'Maybe Stan would still be here': Family not told about brother's first suicide attempt

Wolverhampton | News | Published:

The sister of a man who hung himself said 'he may still be here' if their family had been informed by health professionals he had previously tried to take his life by hanging.

On May 4 this year, 48-year-old Stanley Evans' body was discovered at his Wolverhampton home.

At an inquest before the Black Country Coroner's Court in Oldbury, Senior Coroner Zafar Siddique heard about a number of difficulties Mr Evans had been going through, including the death of his mother for whom he had been the primary carer, and a court case threatening to evict him from his council property.

Giving evidence at the inquest, his sister Alison Evans said: "Everybody loved him. He cared for mum for many years."

She explained he lived with their brother in their mother's former home.

Elaine Coulson, a mental health nurse based at Penn Hospital, outlined how he had been referred to her team on April 13 after an appointment with his GP, when he admitted that he had been experiencing suicidal thoughts around hanging, and had also carried out a failed attempt to hang himself.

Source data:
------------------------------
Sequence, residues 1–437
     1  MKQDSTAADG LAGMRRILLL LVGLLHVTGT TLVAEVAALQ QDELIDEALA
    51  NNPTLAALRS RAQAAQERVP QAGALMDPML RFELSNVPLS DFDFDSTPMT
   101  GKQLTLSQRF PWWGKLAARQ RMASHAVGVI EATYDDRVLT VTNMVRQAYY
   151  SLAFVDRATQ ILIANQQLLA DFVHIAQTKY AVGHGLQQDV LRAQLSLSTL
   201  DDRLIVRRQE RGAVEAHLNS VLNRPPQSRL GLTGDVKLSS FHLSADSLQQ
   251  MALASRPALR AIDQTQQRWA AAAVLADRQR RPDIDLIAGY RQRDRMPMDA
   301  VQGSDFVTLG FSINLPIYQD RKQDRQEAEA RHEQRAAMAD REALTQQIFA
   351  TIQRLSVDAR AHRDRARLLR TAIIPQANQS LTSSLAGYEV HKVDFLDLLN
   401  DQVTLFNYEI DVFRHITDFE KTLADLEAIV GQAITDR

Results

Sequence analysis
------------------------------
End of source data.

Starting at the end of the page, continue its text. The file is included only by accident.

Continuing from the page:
He attended an assessment with Miss Coulson on April 14. By the end of the meeting, the psychiatric nurse judged he was at a 'mild to moderate' risk of self-harm, because he told her that he was no longer having the same suicidal thoughts.

After hearing Miss Coulson's evidence, Ms Evans said: "If we had been told then maybe Stan would still be here today."

Senior Coroner Siddique concluded Mr Evans died from suicide.

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